Goal: Discovering the candidate’s values, goals, and needs of an employer. You can determine what prompted the job search to better understand his/her motivations.

Interview Question:  What are the most important attributes or skills you believe you would bring to our company if we hired you?
Goal: Gaining valuable insight into what the candidate believes is his/her most important skill set.  You may also learn about how the candidate views the open position.

Interview Question:  What are the first things you would do on the job if you were hired for this position?
Goal: Understanding what the candidate deems important, his/her understanding of the requirements of the job, and how the candidate approaches a new situation.

Interview Question:  How would your coworkers at your current/former job describe your interaction with them and your general effectiveness in your work performance?  How would they describe you as a person?
Goal: Assessing whether coworkers like working with the candidate.  The answer may give you an idea about the candidate’s effectiveness in communicating, interacting and relating to coworkers.  Past practice often predicts future practices.

Interview Question:  How would your current employer/manager describe your work habits and contribution?
Goal: Understanding how the candidate perceives the support and opinion of his/her current employer/manager.  This question sheds light on the interaction and communication style of the candidate.  You may also obtain valuable information about how the person accepts criticism and feedback.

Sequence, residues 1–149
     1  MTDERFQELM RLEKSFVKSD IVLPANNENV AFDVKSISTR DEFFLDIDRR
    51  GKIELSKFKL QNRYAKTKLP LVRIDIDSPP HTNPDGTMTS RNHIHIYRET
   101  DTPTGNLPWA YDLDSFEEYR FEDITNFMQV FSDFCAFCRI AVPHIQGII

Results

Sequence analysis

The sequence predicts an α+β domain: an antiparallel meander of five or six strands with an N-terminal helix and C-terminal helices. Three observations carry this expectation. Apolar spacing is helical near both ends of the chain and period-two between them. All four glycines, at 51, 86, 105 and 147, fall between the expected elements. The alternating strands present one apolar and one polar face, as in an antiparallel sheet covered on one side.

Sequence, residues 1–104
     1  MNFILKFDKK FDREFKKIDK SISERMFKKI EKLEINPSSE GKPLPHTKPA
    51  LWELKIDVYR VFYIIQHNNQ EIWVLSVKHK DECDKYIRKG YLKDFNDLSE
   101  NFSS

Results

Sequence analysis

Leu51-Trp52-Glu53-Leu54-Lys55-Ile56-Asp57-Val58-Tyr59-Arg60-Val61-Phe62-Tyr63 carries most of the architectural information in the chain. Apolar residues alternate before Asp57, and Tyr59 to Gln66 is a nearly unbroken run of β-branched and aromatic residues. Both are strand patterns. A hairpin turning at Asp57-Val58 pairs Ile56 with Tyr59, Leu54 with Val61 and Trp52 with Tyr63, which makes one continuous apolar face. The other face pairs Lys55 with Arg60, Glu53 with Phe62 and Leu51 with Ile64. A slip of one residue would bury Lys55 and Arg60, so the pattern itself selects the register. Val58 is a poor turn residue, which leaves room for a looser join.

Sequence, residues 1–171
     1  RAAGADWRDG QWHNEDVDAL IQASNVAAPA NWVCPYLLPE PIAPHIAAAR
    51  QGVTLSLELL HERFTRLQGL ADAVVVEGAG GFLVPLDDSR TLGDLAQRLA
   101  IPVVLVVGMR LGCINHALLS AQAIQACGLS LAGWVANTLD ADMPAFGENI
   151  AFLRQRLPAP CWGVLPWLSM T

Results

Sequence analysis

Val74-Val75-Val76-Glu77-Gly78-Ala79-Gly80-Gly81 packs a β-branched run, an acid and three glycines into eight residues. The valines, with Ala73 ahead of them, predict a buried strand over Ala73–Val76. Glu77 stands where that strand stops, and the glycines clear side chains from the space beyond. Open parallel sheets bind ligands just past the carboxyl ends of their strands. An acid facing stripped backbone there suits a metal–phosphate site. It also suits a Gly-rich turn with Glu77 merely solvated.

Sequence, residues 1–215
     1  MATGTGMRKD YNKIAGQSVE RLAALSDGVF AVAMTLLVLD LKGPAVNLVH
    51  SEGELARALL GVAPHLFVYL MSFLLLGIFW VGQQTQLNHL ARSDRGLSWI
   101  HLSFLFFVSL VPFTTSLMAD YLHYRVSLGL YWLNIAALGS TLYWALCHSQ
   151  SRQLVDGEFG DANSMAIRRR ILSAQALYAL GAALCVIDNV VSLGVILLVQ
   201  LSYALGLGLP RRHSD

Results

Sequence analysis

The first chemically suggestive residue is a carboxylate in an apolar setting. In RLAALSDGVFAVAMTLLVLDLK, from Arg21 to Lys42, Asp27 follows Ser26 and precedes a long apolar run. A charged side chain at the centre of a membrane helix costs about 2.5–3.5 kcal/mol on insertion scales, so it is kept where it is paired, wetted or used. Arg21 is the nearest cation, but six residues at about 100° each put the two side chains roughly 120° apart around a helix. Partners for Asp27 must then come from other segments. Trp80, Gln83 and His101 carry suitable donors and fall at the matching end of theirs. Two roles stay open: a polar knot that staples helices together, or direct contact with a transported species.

Interview Question:  How do you believe that your current skills will contribute to the accomplishment of our company’s goals and mission?
Goal: Ensuring that the candidate is serious about applying for the open position; that he/she spent time learning about your company.  Internet access allows candidates to quickly learn about the company to which they are applying.  This question tells you if the candidate was thoughtful about his/her potential “fit” within your company.

Interview Question:  How do you continue to develop your professional skills and industry knowledge?
Goal: Hiring employees who believe in continuous development and improvement.  Does the candidate pursue his/her own professional development or depend on the employer to provide the development opportunities?

These are merely examples of proven interview questions to ask as you recruit and interview prospective employees.  Therefore, all managers should create their own list of “best” interview questions to ask as they participate in more and more interviews.

Once you begin to experience the success or failure of the employees selected for hire, it will be important to revise the list of interview questions accordingly.

To avoid potential legal problems, employers should not ask applicants any questions relating to:

  • Race
  • Ethnicity
  • Sex
  • Religion
  • National origin
  • Birthplace
  • Age
  • Disability
  • Marital/family status

If a candidate unprovoked begins to offer up such personal information, redirect them to answer your questions that are related to the job.

Remember to only document objective and job-related information about the applicant.